CABO DELGADO, the northernmost province of
Mozambique, has been going through great turmoil ever since October
2017. In a series of more than 600 brutal attacks in nine separate
districts, armed insurgents,
who claim allegiance to the Islamic State, as well as in counter
attacks by the national security forces, it is estimated that more than
2,000 people have been killed, while over 310,000 others have been
forced to flee their homes.
The most recent massacres by the group
calling itself “Islamic State in Central Africa” (ISCA) are just now
coming to light: on Nov. 8, alleged jihadists are reported to have
attacked the small town
of Muidumbe, beheading and dismembering the bodies of dozens of people
in a local football stadium. Also reported is the massacre of more than
15 children and young people, along with their adult tutors, who were
preparing them to take part in the traditional
initiation rites of the Makonde tribe.
“It seems as though they are trying to evict
the entire population of the northern part of Cabo Delgado province,
expelling the ordinary people without the slightest vestige of
Blanca Nubia Zapata told Aid to the Church in Need (ACN). She was
speaking from Pemba, the capital of Cabo Delgado Province.
“More than 12,000 people have arrived here in
the past two weeks. We cannot keep up. Women and children are arriving,
and older people who have been walking for days. Some have died on the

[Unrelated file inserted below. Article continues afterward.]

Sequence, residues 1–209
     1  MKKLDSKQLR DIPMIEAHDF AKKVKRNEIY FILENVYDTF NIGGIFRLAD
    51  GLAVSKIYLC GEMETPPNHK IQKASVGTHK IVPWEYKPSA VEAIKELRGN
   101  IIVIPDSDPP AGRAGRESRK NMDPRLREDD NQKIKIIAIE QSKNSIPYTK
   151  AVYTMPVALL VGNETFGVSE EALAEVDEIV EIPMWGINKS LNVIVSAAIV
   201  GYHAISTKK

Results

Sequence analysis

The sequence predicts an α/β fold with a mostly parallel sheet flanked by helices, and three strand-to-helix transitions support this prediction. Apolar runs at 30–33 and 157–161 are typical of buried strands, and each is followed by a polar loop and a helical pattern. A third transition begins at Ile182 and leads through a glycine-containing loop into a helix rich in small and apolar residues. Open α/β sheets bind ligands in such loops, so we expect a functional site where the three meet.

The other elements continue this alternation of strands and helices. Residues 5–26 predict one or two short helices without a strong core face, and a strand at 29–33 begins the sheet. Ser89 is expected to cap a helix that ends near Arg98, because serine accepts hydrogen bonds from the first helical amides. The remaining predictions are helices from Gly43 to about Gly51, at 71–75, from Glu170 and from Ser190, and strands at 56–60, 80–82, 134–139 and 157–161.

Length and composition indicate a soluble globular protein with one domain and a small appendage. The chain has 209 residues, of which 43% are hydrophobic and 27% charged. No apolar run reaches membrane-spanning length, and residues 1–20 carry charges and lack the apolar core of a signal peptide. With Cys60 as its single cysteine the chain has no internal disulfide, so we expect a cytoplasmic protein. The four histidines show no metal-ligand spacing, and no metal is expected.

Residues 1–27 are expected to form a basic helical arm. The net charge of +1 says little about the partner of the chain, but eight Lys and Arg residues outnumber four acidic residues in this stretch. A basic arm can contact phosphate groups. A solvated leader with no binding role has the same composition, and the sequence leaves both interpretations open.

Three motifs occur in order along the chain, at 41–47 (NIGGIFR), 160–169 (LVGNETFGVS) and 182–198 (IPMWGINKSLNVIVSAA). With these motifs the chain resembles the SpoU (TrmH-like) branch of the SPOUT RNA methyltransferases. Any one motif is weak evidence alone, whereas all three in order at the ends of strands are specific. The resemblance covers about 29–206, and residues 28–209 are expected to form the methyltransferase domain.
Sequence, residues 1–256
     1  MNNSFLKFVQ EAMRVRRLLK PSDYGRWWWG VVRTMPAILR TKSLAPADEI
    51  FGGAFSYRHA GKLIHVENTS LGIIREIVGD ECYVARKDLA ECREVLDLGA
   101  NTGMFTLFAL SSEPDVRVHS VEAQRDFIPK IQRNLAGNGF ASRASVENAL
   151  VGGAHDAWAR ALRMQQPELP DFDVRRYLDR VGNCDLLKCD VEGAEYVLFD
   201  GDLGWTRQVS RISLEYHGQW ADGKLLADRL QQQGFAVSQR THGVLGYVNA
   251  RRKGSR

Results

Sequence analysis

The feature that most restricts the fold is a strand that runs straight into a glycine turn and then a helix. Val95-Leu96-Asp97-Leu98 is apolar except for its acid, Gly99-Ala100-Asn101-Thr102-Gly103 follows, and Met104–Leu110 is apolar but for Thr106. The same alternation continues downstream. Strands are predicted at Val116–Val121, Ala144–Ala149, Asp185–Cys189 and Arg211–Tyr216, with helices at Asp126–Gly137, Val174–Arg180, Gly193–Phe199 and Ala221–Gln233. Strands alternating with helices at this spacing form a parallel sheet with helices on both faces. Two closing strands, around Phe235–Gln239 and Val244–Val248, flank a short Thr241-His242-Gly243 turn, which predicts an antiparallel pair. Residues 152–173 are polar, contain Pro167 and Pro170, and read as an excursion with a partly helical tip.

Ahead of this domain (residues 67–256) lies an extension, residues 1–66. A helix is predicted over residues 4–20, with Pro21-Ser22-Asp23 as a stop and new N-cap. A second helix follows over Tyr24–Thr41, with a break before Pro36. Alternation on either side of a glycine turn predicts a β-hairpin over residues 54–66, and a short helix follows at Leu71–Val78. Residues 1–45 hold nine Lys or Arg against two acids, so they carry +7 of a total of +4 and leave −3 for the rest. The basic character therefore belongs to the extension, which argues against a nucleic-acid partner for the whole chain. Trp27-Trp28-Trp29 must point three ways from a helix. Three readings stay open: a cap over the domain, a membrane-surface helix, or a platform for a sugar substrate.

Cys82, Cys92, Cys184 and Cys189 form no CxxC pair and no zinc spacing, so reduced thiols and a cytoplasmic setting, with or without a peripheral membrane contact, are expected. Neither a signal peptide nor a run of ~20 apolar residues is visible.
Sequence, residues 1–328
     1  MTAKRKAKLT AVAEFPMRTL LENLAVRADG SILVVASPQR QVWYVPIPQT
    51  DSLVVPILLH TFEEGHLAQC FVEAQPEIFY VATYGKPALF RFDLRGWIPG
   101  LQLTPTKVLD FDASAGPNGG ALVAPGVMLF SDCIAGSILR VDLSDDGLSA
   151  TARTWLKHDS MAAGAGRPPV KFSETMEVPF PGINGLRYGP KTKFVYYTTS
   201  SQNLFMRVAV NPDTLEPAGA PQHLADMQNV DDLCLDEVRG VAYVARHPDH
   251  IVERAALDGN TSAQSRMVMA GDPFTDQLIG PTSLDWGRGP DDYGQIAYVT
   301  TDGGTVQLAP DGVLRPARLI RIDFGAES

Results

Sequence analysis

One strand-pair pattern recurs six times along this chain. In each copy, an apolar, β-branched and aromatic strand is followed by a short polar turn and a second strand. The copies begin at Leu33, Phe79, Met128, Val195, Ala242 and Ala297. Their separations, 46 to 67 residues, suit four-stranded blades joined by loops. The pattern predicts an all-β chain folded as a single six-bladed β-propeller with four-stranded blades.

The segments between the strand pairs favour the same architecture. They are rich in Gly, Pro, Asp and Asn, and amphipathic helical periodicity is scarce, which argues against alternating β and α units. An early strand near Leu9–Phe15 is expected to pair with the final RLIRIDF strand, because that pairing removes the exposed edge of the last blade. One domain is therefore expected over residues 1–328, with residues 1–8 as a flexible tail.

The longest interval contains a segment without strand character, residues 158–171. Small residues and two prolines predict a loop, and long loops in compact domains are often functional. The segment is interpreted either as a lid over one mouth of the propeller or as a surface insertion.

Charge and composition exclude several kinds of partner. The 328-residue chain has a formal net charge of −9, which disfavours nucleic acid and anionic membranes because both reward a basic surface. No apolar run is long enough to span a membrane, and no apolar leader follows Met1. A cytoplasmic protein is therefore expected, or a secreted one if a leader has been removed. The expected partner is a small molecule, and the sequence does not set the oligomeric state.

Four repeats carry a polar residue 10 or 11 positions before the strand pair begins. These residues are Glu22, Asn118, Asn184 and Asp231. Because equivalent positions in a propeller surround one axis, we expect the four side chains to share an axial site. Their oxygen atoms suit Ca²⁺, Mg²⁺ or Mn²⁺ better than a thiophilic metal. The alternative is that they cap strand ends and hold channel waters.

the roads and the forest tracks.”
“It is 115 miles, but you can’t imagine what
our ‘roads’ are like; it’s terribly difficult walking along these
tracks, and across the countryside, three or four days on end without
food, without water,
carrying their children on their back. There are women who have given
birth on the road,” said Sister Blanca, a member of the Theresian
Carmelites of Saint Joseph.
In the last few weeks hundreds of small boats
have been arriving by sea. Whether in boats or canoes, the people are
desperate to escape the barbarous killings. “We are doing all we can.
we can do no more than listen, ask how they are feeling and listen to
them. They’ve left everything behind, hoping to escape with their
lives,” said the sister.
“All they want to do is to get away from
there; they are simply terrified. Many of the families have asked our
help, and we have rescued the families of the children at the school,
with immense difficulty,
with private vehicles and the help of third parties,” Sister Blanca
Around a week ago, in a video by Caritas
Mozambique that was sent to ACN, Bishop Luiz Fernández Lisboa, the
bishop of Pemba, describes the situation as seen from Paquitequete, a
suburb of Pemba, on
the coast: “Already there are around 12,000 refugees who have arrived
and they are continuing to arrive. Some are coming in the wake of the
attacks they have suffered, while others have fled in advance because
they are afraid.”
“When they arrive here, they have nowhere to
sleep; there are just blankets and makeshift shelters, and still there